See photos and videos of the recovery of the treasure from the “Bristol Bunker” at: [] Below are a few photos to do with the Halifax project and the unloading of the items from Terrace on October 14.

The first view of our Halifax 57 Rescue crew to see the “BRISTOL BUNKER” in Terrace, B.C.
Museum member Jonathan Kjarsgaard inspecting.

Displayed here are the Hastings/Halifax undercarriages from the island of Malta.

Karl in front of the Halifax display. Note the two Hercules engines from Malta.

Bob Evans uses a forklift to place new exttruded aluminum beam, made for use in restoring Halifax centre-sections. Sprung Building Industries Ltd., Aldersyde, Alberta hade these made for the project. THANKS to Phil Sprung, his family and employees.

One of four Hercules engines complete with rotating stand; more parts in the big box.

CAPA Conference Report

Bomber Command museum directors Brian Taylor, John Phillips and Bob Evans attended this event, which was held October 12-16 in Windsor, Ontario, and hosted by the Canadian Historical Aviation Association (CH2A). This group is the custodian of Lancaster FM212. They also have a De Havilland Mosquito project.
There were delegates from nine museums in attendance plus some associate members. As there are some 20 actual members, this attendance was quite low.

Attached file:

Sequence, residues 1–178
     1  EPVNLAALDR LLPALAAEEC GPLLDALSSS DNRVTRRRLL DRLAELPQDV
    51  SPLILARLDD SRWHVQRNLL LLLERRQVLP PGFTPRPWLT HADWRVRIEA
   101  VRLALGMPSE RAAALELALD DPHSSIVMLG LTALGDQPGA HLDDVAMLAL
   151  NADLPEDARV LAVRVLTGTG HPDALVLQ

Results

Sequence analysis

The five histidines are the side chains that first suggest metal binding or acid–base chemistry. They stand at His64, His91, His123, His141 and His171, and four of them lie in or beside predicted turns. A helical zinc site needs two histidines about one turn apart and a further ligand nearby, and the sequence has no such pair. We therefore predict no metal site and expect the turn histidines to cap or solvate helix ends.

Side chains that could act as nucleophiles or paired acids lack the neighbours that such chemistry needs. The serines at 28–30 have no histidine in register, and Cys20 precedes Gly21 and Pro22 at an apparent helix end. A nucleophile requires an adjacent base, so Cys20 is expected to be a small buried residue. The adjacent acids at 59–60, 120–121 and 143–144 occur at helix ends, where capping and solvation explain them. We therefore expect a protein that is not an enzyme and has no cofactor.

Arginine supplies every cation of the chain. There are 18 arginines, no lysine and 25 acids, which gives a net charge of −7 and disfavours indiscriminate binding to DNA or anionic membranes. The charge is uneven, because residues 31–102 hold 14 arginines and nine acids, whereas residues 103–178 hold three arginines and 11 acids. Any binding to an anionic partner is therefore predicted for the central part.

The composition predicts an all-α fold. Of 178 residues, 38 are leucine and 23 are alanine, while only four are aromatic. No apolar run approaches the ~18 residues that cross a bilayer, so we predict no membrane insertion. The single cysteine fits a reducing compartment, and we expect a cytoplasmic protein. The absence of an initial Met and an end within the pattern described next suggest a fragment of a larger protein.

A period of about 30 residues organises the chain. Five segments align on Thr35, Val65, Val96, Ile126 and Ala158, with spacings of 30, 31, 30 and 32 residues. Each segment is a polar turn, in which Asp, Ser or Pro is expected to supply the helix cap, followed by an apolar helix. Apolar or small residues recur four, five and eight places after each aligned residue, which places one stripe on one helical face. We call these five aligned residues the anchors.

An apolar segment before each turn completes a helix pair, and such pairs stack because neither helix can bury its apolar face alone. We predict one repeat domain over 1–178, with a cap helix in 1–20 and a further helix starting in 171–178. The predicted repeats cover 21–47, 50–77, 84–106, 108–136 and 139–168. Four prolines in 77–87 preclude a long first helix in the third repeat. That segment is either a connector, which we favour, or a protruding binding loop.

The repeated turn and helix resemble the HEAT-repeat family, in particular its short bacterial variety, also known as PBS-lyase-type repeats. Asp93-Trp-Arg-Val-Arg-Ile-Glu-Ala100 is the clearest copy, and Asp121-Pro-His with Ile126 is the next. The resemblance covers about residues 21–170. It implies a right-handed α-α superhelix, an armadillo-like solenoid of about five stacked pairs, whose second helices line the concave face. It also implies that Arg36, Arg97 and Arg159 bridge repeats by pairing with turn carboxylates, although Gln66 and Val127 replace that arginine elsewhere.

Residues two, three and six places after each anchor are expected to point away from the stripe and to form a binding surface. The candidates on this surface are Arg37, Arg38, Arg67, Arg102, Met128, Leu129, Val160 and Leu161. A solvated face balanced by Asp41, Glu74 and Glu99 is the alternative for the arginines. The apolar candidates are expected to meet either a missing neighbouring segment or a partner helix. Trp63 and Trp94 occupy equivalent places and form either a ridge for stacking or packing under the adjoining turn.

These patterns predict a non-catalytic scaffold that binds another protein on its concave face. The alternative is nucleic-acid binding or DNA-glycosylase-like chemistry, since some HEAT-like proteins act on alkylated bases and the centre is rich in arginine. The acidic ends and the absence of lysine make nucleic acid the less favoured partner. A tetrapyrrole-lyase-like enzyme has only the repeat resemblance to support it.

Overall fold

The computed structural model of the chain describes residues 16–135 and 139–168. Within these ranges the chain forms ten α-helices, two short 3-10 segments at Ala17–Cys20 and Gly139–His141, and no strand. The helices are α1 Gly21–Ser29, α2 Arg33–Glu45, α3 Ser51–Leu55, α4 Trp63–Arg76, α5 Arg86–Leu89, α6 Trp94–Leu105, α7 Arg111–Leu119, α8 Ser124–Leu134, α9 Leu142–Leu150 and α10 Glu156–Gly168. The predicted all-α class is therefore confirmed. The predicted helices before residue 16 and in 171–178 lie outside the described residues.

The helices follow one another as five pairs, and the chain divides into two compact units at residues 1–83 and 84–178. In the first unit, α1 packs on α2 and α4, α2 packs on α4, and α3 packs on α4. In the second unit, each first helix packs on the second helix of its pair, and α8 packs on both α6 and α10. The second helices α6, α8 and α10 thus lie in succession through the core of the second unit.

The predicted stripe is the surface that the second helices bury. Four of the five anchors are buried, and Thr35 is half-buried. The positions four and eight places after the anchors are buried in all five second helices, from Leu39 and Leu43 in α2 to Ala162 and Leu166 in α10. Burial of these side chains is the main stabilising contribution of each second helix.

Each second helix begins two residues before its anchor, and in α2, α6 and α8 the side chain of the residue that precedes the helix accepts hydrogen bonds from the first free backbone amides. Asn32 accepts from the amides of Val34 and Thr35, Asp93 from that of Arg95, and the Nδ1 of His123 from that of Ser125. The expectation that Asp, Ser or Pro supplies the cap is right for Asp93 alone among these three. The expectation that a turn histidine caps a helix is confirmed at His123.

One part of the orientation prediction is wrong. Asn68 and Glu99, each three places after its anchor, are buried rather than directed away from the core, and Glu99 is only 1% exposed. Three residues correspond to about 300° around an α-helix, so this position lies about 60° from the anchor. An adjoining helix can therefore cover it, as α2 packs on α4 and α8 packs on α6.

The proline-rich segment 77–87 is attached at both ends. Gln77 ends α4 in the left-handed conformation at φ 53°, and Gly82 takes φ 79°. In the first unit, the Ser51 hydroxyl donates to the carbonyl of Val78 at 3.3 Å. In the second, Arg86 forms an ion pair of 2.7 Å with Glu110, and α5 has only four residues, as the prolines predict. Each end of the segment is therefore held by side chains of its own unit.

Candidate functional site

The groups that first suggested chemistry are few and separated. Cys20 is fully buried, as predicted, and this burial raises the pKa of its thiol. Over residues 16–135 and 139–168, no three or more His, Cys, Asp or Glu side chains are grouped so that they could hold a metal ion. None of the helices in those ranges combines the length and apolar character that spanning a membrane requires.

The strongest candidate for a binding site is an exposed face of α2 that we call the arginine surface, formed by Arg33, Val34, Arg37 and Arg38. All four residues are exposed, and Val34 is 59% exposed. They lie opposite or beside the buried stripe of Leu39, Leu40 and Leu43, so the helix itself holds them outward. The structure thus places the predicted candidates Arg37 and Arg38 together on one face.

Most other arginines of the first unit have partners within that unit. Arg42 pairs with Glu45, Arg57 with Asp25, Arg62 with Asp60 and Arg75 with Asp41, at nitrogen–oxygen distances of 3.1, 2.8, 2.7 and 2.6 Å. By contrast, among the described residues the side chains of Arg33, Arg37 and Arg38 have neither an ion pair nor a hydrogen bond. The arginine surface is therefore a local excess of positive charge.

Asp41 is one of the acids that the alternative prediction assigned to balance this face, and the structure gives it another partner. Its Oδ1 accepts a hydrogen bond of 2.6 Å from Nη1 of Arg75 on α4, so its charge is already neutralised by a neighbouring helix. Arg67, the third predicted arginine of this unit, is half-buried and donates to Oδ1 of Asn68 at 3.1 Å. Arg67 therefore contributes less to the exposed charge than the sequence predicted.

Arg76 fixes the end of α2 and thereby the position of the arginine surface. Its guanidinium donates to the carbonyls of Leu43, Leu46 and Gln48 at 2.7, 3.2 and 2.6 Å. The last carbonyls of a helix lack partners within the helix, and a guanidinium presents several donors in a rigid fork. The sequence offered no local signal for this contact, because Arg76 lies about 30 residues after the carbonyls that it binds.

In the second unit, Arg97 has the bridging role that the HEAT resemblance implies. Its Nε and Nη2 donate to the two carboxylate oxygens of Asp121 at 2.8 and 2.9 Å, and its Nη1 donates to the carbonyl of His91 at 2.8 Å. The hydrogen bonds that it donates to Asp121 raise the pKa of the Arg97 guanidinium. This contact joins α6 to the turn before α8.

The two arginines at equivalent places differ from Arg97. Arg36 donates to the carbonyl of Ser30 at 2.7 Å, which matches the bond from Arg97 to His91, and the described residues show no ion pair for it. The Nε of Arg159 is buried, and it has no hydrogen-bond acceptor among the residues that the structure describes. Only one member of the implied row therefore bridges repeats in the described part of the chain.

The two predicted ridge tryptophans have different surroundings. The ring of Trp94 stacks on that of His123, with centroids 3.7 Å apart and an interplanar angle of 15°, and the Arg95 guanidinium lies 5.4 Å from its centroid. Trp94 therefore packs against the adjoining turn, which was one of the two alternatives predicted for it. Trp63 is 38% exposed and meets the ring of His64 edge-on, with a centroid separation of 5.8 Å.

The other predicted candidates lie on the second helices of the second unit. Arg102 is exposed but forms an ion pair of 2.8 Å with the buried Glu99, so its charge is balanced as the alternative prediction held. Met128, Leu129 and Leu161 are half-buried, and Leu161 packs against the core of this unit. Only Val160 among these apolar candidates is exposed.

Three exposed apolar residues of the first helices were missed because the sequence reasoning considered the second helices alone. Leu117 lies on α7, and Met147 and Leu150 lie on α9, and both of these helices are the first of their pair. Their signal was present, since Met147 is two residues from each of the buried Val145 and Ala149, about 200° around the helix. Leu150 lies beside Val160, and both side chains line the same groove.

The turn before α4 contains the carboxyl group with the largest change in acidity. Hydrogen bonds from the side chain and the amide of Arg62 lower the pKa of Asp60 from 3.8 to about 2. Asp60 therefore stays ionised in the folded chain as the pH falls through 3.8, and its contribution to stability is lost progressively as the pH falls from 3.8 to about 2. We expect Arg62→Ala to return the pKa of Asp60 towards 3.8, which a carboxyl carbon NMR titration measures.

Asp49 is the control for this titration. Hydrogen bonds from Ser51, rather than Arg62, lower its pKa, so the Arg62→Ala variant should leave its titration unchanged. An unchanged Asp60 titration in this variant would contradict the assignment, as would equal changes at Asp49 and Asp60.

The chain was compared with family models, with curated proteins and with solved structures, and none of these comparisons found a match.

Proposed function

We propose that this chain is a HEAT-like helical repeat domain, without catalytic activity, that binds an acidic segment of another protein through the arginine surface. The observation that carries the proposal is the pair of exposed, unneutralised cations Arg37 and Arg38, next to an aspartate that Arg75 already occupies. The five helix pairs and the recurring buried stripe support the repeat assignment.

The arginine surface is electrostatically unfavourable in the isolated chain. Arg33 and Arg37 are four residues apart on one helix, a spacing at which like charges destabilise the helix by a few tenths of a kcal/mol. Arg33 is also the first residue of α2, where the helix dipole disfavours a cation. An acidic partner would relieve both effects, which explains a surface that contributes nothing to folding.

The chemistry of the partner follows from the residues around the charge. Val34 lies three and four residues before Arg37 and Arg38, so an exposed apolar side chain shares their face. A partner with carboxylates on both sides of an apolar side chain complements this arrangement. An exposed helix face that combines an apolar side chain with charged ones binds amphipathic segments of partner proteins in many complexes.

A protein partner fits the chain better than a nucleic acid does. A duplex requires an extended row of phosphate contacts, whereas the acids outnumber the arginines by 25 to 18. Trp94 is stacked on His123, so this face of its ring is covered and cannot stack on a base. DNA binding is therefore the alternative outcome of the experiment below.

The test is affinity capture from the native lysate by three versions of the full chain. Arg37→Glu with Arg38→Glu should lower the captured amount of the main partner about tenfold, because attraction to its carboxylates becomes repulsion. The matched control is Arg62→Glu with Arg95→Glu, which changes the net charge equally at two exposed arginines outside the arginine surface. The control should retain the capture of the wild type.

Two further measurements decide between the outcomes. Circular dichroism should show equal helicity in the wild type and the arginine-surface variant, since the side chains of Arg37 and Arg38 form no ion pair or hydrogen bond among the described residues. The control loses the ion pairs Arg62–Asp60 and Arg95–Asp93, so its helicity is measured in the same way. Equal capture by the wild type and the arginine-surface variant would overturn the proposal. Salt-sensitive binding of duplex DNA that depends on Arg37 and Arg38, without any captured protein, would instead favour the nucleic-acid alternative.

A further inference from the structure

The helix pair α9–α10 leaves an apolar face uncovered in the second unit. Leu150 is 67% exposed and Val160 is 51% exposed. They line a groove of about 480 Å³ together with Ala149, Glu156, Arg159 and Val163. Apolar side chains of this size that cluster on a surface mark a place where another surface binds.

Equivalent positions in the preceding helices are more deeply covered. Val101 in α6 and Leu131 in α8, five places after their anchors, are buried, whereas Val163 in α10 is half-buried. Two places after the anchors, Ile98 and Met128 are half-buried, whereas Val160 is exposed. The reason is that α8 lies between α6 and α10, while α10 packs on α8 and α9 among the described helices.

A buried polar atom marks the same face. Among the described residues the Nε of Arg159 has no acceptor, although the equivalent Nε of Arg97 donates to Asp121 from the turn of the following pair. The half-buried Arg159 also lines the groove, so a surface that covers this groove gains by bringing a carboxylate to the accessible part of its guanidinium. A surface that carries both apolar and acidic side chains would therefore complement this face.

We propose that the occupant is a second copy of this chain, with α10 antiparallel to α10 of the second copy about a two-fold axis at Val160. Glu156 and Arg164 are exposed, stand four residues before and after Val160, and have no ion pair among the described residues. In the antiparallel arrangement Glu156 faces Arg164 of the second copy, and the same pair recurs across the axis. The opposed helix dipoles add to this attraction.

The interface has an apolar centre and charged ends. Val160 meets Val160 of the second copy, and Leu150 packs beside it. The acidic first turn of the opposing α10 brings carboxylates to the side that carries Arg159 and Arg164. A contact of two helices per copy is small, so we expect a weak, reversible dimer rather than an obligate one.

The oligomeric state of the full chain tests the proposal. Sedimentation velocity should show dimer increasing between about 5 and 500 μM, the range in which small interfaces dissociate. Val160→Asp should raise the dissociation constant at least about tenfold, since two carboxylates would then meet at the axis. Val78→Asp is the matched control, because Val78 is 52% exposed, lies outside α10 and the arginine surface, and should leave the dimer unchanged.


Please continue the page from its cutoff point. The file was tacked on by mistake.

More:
However, the CH2A volunteers had done a first class job of organising the conference. The seminars with speakers from Revenue Canada, Crown Assets, etc., were very informative.
I would encourage those museums who did not attend to send delegates to next year’s conference. CAPA is a voice that can help us all. Let us all revitalize it!

CH2A’s Mosquito project.

Above are some of the dismantled sections of Lancaster FM212 stored in a temporary fabric building.
Some other components are being worked on in the upgraded WWII hangar that is the CH2A’s main building.
You will note the two jack-stands, on loan from our museum, are still in use.

Boly Wings to Greenwood

The day after the twenty fifth anniversary celebration, a military semi-trailer arrived from the Greenwood, N.S., museum to load two Boly wings donated by our museum for their project. Loading Boly wings in the semi was a bit tricky, but was finally accomplished. In the photo below the Greenwood crew are, L-R: Malcolm Uhlman, Dan Daigle, Cpl. Billy Hannaford and Cpl. John Mayhew.

Francis Gardner’s picker truck in use.

Nose Art for 25th Anniversary

As part of celebrating the twenty fifth anniversary of the society, two artists to whom the museum had given pieces of aircraft aluminium skin for their personal use, agreed to donate reproduced nose art that was representative of one of 408 Squadrons wartime bombers. The art chosen was “Notorious Nan.”
Dave Houbrechts, who had procured aircraft panels for his artist friend, Carmina Trsic, of Calgary, contacted her and she agreed to paint “Nan” on a small panel to be given to 408 Squadron during the event.
Todd Lacharite, to whom the museum had given vintage aircraft aluminium for artists in Lethbridge, convinced airbrush artist, Mike O’Brien to recreate the same nose art on a large Lanc wing panel, this to become a permanent display in the museum.
The Bomber Command Museum of Canada extends a GRATEFUL THANKS to Carmina Trisc and Mike O’Brien for their reproductions of “Notorious Nan”.

This is the smaller version of “Notorious Nan” reproduced by artist Carmina Trsic.